Wednesday, April 17, 2013

Gibbs and the IRS

Everything on the Net is for public consumption. This should be one of Gibbs' rules. You NCIS watchers know what I mean.

This is something I've been told since I first got access to email back in the technological dark ages. The company's IT folk constantly reminded us not to put something into an email that we didn't want the entire world to read. They told us there are no secrets in the electronic world.  Digital communication is truly for the masses. I heard this warning long before lawyers began subpoenaing email records or human resource departments started scanning Facebook posts.  

Email doesn't go directly from my computer to yours. It passes through several other computers along the way. At each stop, it can be (and is) read by technicians, programmers, and others who are bored or troubleshooting. I heard many stories from night operators who said they read emails during their breaks.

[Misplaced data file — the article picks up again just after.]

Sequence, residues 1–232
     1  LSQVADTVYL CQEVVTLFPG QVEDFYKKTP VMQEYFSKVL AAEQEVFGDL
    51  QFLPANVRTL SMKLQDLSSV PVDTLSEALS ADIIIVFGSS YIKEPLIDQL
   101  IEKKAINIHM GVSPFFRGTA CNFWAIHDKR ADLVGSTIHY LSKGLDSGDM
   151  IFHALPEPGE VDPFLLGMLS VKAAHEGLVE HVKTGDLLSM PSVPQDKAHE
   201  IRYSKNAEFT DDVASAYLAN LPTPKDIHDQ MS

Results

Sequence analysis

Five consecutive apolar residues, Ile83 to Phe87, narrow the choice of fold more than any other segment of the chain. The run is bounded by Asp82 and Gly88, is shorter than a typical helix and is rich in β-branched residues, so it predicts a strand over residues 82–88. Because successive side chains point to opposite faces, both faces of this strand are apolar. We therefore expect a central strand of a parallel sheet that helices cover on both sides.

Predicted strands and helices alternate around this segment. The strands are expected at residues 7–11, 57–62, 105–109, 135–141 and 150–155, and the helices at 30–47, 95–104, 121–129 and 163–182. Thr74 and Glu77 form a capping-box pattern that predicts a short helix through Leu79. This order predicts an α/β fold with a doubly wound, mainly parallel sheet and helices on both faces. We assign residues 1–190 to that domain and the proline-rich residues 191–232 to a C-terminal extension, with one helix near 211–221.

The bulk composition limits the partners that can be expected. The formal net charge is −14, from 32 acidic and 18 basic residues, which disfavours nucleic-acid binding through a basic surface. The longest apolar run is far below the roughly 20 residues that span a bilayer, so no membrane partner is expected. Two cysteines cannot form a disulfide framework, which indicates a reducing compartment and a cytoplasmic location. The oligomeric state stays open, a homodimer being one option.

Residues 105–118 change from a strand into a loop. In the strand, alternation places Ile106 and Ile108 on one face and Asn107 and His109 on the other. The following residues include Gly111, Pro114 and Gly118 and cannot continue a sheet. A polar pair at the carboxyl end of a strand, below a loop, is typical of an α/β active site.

The IRS was in the news on April 10th but it wasn't due to the approach of tax day. The ACLU obtained documents indicating that the IRS doesn't think email is private.  (Read about it here.)  For that matter, Facebook chats and other forms of digital communication aren't either.  My reaction is "yeah, so?"

Where has the ACLU been?  If they wanted to argue this, they should have started about thirty years ago. Fortunately for them, they have powerful allies who will fight the fight for them.  The companies behind digital communication (Amazon, Microsoft, and Google to name just a few) want prying eyes wandering through their emails less than we do.  So changes to the law have been presented in both the House and Senate.  Warrants will be required before the IRS or any other agency can obtain certain digital material.

Regardless of the legislative outcome, I'll stick with my own version of a Gibbs' rule.  If it can be read by a computer, it can be read by anyone at any time.

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